An important ingredient to successful inbound marketing is variety. Some targets will prefer to read ebooks. Others will attend every webinar and re-watch the recording. In order to appeal to a wide range of targets, you need to build content in many different mediums. One of those is online courses.
While on the surface it may sound like a big undertaking, launching an online course is pretty simple. In most cases, it is just an automated campaign of emails that link to content (i.e. articles or “lessons”) that is dripped to the lead in chronological fashion, guiding them through the lessons. Here is a breakdown of how to get started:
1. Identify topics
Start by figuring out what topics the course should include. This should be based around your company’s core story and positioning. For example, for my business that sells mobile apps to health clubs, we might launch a course on “How to Grow your Club with Technology.” Throughout the course we’d outline best practices for launching new technology, including (but not limited to) mobile apps. This way, the lead is getting educated and nurtured.
The CRM and marketing automation system are the two most important software packages that make up the modern marketing stack. Together, they serve as the core infrastructure required to operate a successful inbound marketing program. Therefore, it’s critical that you tightly integrate them, sharing data so leads get the right message at the right time.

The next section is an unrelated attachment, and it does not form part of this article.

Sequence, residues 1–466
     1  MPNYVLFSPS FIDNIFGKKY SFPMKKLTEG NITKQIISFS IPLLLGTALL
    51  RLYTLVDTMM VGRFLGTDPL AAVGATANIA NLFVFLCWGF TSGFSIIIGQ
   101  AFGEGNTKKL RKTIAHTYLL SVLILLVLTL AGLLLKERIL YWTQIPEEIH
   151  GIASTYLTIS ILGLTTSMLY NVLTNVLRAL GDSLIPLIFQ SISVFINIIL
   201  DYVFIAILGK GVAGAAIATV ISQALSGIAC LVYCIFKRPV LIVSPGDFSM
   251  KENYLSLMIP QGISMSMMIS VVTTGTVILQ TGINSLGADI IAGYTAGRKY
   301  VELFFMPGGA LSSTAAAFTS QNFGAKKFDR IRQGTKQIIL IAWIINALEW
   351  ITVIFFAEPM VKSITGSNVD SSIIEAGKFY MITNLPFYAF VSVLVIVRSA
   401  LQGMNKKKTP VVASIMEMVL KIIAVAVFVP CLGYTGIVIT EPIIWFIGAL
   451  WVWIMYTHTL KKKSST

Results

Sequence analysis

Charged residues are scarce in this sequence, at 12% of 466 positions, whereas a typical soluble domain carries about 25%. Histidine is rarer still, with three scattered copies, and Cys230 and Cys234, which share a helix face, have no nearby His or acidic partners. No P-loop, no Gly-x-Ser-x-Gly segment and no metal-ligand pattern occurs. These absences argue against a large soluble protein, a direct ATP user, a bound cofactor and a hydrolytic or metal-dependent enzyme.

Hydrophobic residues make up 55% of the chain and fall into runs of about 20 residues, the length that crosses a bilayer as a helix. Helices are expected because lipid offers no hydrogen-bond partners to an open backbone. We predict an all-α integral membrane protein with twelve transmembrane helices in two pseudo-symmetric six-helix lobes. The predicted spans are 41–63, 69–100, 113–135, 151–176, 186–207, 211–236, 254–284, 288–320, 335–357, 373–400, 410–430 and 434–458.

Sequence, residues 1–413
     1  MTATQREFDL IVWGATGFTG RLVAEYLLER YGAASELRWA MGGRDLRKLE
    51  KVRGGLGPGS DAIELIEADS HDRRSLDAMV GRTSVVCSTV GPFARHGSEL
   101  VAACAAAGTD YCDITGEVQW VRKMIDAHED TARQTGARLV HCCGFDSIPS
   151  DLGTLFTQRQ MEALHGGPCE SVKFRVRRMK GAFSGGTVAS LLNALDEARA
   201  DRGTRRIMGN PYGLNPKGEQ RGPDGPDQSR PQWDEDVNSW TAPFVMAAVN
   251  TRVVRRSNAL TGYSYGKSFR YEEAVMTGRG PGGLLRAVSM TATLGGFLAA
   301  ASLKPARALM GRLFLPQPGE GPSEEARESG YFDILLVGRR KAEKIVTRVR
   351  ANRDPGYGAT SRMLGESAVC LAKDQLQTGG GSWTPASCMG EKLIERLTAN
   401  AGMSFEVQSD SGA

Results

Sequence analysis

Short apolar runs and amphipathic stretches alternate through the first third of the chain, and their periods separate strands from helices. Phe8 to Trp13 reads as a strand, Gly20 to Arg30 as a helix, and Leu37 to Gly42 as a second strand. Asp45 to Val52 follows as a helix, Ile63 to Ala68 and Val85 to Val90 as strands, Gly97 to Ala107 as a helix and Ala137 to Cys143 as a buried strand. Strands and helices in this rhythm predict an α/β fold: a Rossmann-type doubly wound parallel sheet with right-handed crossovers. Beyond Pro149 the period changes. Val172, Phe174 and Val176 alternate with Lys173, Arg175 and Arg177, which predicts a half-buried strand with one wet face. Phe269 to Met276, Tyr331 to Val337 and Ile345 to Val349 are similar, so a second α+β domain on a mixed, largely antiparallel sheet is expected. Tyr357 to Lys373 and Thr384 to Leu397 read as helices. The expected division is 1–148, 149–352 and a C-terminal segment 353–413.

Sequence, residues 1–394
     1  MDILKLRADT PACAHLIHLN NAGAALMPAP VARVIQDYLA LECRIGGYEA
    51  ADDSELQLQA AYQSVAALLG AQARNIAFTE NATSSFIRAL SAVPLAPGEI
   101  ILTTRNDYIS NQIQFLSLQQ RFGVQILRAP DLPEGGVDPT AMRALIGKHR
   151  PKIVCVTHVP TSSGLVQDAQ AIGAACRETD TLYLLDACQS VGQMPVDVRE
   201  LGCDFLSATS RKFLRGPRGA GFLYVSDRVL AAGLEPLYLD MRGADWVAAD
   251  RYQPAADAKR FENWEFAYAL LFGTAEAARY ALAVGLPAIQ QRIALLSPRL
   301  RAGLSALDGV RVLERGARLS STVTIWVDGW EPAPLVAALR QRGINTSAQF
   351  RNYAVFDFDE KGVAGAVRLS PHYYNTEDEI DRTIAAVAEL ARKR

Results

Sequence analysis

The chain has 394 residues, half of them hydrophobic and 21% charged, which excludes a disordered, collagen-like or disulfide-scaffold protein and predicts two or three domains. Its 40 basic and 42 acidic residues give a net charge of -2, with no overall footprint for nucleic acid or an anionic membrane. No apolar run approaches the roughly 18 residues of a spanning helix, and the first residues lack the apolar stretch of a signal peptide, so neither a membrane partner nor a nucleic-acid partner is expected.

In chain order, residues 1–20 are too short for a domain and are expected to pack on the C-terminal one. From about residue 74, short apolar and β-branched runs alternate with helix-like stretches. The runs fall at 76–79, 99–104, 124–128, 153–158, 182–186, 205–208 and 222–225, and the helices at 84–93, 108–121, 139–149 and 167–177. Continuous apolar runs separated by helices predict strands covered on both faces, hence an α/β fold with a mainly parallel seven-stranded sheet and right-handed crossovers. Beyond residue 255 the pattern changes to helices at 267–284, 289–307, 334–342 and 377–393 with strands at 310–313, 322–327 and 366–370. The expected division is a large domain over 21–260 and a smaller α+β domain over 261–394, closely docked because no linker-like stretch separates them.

For simplicity, the automation system is home-base for marketing and the CRM is home-base for sales. Ideally, the sales team is rarely — if ever — interacting with the automation system. Your goal is to only present the information most relevant to the stakeholder. For example, the sales team should only be focusing on MQLs and opportunities, not leads higher in the funnel.
There are two integration paths to consider:
Sync all incoming leads
In this model, every time a target fills out a landing page form to download content or register for a webinar, their contact information will be synced to the CRM.
For every piece of content in your inbound marketing strategy, there is a landing page hosting, displaying and providing the ability for targets to download. The landing page is a critical gateway to your content. Depending on design and copy, it will make or break the conversion from targets to leads, a crucial step in the marketing funnel. Therefore, you need to pay close attention to how you develop and optimize landing pages.
This post outlines some best practices in building and scaling landing pages for B2B startups:
1. Always use the marketing automation system
Landing pages are tightly integrated with other components of inbound marketing, controlled by the automation system. This includes CTAs, content distribution, lead capture and the automations that run when a target converts to a lead by downloading content. While it may be tempting to use a separate service specifically designed for landing pages, it’ll make your life so much easier to keep it all under one roof. I use Hubspot to handle everything.